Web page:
The Guardian January 31, 2001


WA Govt steps up mandatory sentencing

by Andrew Jackson

With Western Australia leading the nation in Aboriginal imprisonment, 
Premier Richard Court has announced an expansion of mandatory sentencing 
laws in further violation of United Nations human rights treaties. Under 
his current "law and order" regime Aborigines in Western Australia are 
almost 20 times more likely to be jailed than non-indigenous people.

Latest statistics from the ABS (Australian Bureau of Statistics) say that 
West Australia has the highest rate of imprisonment for Indigenous people -
- 2905 Indigenous prisoners per 100,000 adult Indigenous population, almost 
double the rate of the next highest states of NSW (1781) and Queensland 
(1650).

Geoffrey Atkinson, from the National Aboriginal and Islander Legal Service 
Secretariat blamed the "shocking" figures on the failure of the Federal 
Government to intervene in the States, and implement the Royal Commission 
into Aboriginal Deaths in Custody recommendations.

Meanwhile, Premier Court feels that putting Blacks in prison is a vote 
winner, and triumphantly lauded the success of his "three strikes" 
mandatory sentencing policy.

He told the assembled Liberal Party faithful that it was building "stronger 
and safer communities".

Vic Williams, Secretary of the West Australian branch of the Communist 
Party of Australia said Court was "playing up big on community fears" in an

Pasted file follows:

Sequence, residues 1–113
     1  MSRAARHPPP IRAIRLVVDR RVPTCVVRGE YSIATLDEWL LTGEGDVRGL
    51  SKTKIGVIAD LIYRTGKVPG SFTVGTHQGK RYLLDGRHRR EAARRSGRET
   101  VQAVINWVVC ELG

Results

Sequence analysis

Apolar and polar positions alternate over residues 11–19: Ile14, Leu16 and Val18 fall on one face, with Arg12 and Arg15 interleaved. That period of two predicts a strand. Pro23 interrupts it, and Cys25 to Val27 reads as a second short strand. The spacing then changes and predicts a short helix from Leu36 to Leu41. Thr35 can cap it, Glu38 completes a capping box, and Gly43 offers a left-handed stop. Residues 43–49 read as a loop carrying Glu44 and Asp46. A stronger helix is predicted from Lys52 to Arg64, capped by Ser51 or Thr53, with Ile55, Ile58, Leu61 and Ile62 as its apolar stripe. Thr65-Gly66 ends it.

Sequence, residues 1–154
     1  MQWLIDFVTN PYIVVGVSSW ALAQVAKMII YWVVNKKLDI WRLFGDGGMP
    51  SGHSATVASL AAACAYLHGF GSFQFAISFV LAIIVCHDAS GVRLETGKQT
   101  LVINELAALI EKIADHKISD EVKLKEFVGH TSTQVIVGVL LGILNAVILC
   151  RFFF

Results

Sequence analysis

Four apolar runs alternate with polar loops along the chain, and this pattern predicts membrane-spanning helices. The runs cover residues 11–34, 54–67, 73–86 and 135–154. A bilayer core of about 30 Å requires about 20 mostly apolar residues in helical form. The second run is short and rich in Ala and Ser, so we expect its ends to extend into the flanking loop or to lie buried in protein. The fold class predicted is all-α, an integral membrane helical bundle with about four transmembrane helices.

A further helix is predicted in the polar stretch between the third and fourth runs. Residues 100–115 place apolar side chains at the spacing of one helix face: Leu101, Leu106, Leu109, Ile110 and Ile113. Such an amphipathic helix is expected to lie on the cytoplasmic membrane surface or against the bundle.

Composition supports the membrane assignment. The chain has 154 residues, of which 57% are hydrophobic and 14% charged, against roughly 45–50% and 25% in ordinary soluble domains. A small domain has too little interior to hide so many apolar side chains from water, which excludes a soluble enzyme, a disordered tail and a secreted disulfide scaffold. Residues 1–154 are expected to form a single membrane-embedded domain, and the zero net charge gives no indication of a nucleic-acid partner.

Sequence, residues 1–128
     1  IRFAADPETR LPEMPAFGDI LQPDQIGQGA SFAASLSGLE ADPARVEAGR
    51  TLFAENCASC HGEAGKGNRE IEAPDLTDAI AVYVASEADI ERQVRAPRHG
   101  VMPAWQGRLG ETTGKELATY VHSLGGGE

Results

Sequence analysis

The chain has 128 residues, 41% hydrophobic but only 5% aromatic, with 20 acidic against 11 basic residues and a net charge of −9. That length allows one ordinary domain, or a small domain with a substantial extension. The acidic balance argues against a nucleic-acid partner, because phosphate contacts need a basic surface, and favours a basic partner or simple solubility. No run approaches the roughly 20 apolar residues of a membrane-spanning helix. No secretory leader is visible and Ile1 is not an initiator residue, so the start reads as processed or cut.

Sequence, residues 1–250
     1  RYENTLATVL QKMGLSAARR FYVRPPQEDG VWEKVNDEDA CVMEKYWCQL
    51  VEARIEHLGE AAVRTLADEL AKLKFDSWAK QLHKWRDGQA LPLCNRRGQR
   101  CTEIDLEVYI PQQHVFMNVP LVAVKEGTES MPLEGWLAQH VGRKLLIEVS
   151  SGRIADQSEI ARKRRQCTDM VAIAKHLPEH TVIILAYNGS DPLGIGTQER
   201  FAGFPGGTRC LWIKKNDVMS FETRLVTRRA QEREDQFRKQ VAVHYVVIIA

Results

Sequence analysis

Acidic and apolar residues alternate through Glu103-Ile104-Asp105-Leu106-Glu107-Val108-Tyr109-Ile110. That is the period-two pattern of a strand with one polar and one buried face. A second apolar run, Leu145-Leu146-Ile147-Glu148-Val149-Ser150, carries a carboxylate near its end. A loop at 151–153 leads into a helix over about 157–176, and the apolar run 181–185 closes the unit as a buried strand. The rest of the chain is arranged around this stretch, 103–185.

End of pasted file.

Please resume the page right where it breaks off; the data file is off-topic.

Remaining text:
effort to undermine the independence of the Judiciary.

"It is a very undemocratic process", he said.

Crime in West Australia's Aboriginal communities was caused by "very high 
discrimination against them in employment, and lack of opportunity in 
education.

"The rate of stolen children was also very high in West Australia, and that 
has significantly contributed to their social problems."

It was government attention to these issues that was needed, not harsher 
prison sentences, Mr Williams said.

While expounding on his vision of prosperity for the State, Mr Court 
clearly had the white population and private prison industry in mind.

"The needs of Aboriginal communities must be balanced with the need to 
ensure confidence and certainty in the system", said Mr Court, a clear 
indication of his intention to pursue sentencing and native title policies 
that will lead to their destruction.

Prime Minister John Howard, who was at the launch, again refused to comment 
on the issue. His commitment to giving "states' rights" priority over human 
rights makes him a willing collaborator to Court's genocidal policies.

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